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Council continues redevelopment discussions

By Staff | Mar 3, 2010

As expected, the bulk of the discussions that took place during Tuesday’s City Council meeting focused on resort housing redevelopment, when members of the five-member panel offered their input on the topic before it is handed off to the Planning Commission for further debate, refining and public input.

“Obviously, this is a major undertaking,” said councilman Marty Harrity. “We’re gonna have to keep and open mind.”

Jimmy Jordan, the city’s Planning Department Director, provided the council with several reports, including an overall study of redevelopment in the Resort Housing District, dada and analysis of existing conditions within the district, a report identifying all three- and four-story multi-family dwelling units on the island as well as maps identifying land use and density within the district.

“Many short-term occupancy units in the Resort Housing District are becoming either out-of-date or substandard accommodations,” Jordan stated in his memorandum to City Manager Judie Zimomra, dated Feb. 24. “It is important to the economic interest of the city to develop a framework from where this housing stock can be preserved, improved and redeveloped in a manner that is consistent with the Sanibel Plan and its Vision Statement.”

Two of the primary goals of addressing the issue of resort housing redevelopment are preserving the daily and weekly capacity of short-term rental units and to encourage property owners and investors to maintain their hotel/motel use.

One of the first issues the council addressed was density, with the panel unanimously agreeing that density should not be increased.

“The most significant area we’re going to be dealing with is that you will be able to maintain density,” said Mayor Mick Denham, although Vice Mayor Kevin Ruane noted that the language regarding build-back of properties within the district “seems a little bit cloudy.”

According to Jordan’s report, “Redevelopment of existing hotels, motels or resort condominiums, that maintain an existing number of units that exceeds that permitted by the Development Intensity Map, must do so within the existing square footage of the habitable area of that development.”

Another issue brought to the table was the relocation of the footprint of existing structures when redevelopment occurs. Councilman Jim Jennings asked City Attorney Ken Cuyler whether there would be the potential for litigation as a result of a shift in the footprint.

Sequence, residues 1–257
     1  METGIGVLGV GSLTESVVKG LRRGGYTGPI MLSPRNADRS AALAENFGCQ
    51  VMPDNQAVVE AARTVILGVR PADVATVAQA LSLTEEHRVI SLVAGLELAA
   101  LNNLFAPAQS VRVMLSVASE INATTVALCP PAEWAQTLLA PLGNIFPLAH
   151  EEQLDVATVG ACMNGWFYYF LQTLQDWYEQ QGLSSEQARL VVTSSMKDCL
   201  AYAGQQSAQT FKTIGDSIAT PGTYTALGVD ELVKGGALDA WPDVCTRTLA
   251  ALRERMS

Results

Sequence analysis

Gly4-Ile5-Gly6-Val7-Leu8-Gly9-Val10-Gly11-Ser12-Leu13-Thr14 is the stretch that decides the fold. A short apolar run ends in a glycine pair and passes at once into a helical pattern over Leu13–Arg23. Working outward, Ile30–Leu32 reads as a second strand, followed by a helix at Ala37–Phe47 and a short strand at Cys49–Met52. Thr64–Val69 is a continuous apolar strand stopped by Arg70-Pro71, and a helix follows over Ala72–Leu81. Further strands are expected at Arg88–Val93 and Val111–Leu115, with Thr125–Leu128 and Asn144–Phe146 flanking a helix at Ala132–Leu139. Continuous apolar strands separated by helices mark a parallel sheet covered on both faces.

“I don’t want to sound wishy-washy right out of the gate, but if they’re gonna sue, they’re gonna sue,” said Cuyler.

“Let’s try to maintain a certain amount of flexibility here,” added Jennings. “This is a very complicated issue that we’re dealing with.”

The council previous stated that the current setbacks established in the Land Development Code should be maintained, redevelopment within the Gulf Beach Zone should be prohibited and the height limit of buildings should not exceed three stories above the base flood elevation.

“With the alteration of this document, you are destroying the goals, hopes and aspirations of the people who founded this island,” said resident Herb Rubin during the public comment portion of the meeting. Several people spoke out against allowing increased density within the district, which Denham and councilor Peter Pappas refuted.

“This municipality can do virtually anything that it wants, so long as it does so in its best interests,” Pappas stated. He later added, “The founding fathers did not intend to tear down The Sundial. This I know, this I believe – because I was there.”

“The dilemma that we face is ‘What do we do?’ Do we do nothing and let it go on another 20 or 30 years?” Denham asked. “I think we need to do something. What we are doing is providing a framework that we must consider to move in one direction.”

Another matter brought up by the mayor was a bartering mechanism, should any property seeking redevelopment wish to replace a former permeable surface area with impermeable surface space. He suggested a “1-for-1” credit exchange. Thus, if a property wanted to add an additional structure on top of an impermeable surface (such as concrete), it would be allowed if they would dedicate an equal amount of space comprised of a permeable surface (such as shellrock or native plantings).

“I’m trying to keep this process relatively simple,” he said.

Following the discussion, Jordan was charged with collecting the council’s opinions on resort housing redevelopment and bringing a final draft of the Planning Department’s report to their next meeting, scheduled for Tuesday, March 16.

“Once this process is completed, once redevelopment has occurred, there will be less (short-term rental) units on this island than there area today,” Pappas predicted. “I have absolute confidence that we will destroy nothing and we will not add anything brand new.”

In other business, the council took time to recognize Karen Gudella, a 25-year employee of the city’s Finance Department. Denham read a proclamation in her honor, which was followed by a warm ovation from the audience in attendance.